Opposition leader calls for dismissal of Barbados finance minister

Opposition leader Mia Mottley, addressing supporters at the party’s ninth People’s Assembly on Monday night, also gave Prime Minister Stuart a one week deadline for sending home Sinckler.

“For this economy to grow, Chris Sinckler must go. And I say to Freundel Stuart that if by next Sunday Chris Sinckler is still Minister of Finance . . . then Freundel too must go,” she said, adding  “he has one week to move Chris Sinckler as Minister of Finance”.

Over the last weekend, Prime Minister Stuart defended the economic policies of his administration saying that he was certain that in the “route” being pursued would yield the success the island wants in the future.

The government has begun laying off employees as part of a programme to revive the ailing economy and has also indicated that it would not be rushing to fill vacancies within the public service.

The government’s policy has come in for criticism from the trade unions and even one senior minister, Dr. David Estwick, the agriculture minister, saying the government was using the “wrong medicine” to deal with the economic problems facing the island.

But as he addressed supporters of the ruling Democratic Labour Party (DLP) at a constituency branch meeting on Sunday night,  Prime Minister Stuart said his administration was not playing “blind man’s bluff” with the local economy and would also not be derailed from its fiscal programme.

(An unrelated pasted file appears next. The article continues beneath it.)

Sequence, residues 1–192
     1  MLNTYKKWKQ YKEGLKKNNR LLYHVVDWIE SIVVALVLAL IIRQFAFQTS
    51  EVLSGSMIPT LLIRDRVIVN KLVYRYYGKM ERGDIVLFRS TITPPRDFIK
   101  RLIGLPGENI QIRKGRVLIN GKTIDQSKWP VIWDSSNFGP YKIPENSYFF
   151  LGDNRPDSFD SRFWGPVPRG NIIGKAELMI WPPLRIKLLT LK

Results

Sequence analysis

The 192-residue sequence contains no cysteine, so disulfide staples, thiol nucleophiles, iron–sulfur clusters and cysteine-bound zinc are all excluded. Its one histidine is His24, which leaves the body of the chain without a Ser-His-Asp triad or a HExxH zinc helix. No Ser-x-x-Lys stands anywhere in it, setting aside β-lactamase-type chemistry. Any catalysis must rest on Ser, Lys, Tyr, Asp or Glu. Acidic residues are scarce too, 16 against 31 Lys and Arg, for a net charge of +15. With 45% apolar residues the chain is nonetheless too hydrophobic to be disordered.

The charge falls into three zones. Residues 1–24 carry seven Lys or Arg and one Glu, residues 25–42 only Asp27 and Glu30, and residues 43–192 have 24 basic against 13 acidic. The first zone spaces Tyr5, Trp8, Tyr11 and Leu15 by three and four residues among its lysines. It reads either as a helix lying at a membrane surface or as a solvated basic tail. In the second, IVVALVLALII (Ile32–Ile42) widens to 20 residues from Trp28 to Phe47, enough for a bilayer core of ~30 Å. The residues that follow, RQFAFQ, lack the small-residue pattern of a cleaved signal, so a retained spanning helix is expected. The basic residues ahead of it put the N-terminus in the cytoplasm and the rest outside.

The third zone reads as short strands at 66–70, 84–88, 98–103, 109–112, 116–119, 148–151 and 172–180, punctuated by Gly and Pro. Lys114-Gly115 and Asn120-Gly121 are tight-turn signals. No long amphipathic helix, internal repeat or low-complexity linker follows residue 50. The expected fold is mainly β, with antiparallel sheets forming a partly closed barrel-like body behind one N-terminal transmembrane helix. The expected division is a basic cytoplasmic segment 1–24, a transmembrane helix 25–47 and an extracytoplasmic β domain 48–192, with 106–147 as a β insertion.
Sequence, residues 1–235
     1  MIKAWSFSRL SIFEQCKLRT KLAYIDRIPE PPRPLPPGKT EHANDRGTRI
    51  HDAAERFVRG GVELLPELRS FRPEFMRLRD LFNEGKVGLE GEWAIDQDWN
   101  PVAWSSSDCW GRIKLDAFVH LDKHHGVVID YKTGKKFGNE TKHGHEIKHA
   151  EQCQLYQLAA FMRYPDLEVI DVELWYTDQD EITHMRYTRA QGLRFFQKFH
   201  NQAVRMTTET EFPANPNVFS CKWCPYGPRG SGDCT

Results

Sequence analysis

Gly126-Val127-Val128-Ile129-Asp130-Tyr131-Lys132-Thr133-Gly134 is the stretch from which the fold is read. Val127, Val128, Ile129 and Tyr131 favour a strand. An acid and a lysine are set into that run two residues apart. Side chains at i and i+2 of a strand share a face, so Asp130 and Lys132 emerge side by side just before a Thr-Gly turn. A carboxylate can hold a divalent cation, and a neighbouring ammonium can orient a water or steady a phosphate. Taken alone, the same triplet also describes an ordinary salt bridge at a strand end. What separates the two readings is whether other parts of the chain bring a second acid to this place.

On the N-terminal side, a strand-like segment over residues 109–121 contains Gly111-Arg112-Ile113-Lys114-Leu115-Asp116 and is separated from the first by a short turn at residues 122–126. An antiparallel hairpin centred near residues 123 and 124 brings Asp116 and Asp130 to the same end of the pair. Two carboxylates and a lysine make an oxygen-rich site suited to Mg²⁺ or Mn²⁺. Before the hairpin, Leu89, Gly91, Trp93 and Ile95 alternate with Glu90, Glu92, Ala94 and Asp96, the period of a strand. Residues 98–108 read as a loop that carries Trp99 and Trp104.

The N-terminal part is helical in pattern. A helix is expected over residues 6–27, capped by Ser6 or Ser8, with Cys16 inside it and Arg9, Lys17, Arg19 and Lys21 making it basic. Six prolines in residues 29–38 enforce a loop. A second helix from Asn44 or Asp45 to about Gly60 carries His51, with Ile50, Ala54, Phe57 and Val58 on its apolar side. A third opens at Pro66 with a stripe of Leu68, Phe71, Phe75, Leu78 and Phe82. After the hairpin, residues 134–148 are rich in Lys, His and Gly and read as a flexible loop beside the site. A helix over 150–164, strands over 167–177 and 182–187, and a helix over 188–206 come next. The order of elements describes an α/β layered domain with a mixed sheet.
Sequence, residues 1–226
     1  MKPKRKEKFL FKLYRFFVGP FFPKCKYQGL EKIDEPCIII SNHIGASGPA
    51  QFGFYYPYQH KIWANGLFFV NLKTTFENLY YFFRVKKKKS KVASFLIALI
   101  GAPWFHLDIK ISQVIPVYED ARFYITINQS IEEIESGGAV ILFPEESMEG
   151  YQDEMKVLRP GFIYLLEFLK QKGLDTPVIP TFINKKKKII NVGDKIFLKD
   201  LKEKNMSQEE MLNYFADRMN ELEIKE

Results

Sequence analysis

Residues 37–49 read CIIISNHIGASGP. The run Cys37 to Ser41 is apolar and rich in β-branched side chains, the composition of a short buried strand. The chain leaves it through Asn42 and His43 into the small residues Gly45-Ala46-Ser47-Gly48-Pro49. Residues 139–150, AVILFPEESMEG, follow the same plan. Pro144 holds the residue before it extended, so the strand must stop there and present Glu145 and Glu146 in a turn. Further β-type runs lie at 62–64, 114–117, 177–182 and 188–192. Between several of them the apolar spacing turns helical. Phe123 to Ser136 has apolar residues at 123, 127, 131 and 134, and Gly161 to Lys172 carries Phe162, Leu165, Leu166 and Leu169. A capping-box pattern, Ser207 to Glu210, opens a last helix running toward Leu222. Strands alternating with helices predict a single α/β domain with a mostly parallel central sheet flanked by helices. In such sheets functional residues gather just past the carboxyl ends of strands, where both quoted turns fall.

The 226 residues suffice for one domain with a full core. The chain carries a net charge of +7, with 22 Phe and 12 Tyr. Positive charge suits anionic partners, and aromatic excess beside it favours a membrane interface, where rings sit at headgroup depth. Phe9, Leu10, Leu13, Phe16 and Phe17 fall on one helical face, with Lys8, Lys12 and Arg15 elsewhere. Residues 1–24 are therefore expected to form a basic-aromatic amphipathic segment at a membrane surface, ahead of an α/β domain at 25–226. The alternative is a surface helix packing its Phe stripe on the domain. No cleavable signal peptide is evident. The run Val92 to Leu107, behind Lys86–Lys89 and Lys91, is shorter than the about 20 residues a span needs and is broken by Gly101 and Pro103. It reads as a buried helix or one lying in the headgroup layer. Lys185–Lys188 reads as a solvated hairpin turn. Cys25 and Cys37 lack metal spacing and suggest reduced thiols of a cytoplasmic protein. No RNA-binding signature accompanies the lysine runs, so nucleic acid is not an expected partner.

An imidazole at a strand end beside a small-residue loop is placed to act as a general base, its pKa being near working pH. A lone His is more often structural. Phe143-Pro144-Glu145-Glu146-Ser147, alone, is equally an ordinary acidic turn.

But Mottley told BLP supporters that the International Monetary Fund (IMF) would soon be conducting a review of the local economy and she was confident it would give Barbados a failing grade.

“He (Prime Minister Stuart) can avoid this woman [Mottley), any time so. He can avoid the IDB (Inter American Development Bank), avoid the CDB, (Caribbean Development Bank) he can avoid everybody. “But when the IMF tells you tomorrow what I suspect they will tell them, for Chris Sinckler to remain in charge of this economy will be the biggest act of contempt by a leader of Barbados since Independence,” Mottley said without elaborating on what steps the BLP would take if Sinckler remains in office.

“Tomorrow marks a new judgment on the Barbados economy, and if as I suspect it (IMF) will say what everybody else has said, the people of Barbados must now go to a higher level and a firm purpose to recognise that the crisis is now not only upon us but confirmed in the judgment

in the international community.

“And the only thing that can allow the crisis to eat us alive, is allowing this Government to continue to make decisions.”

She described the difference within the Cabinet over the economic policy as a “political distraction in the Democratic Labour Party that is fighting for its very political survival.” 

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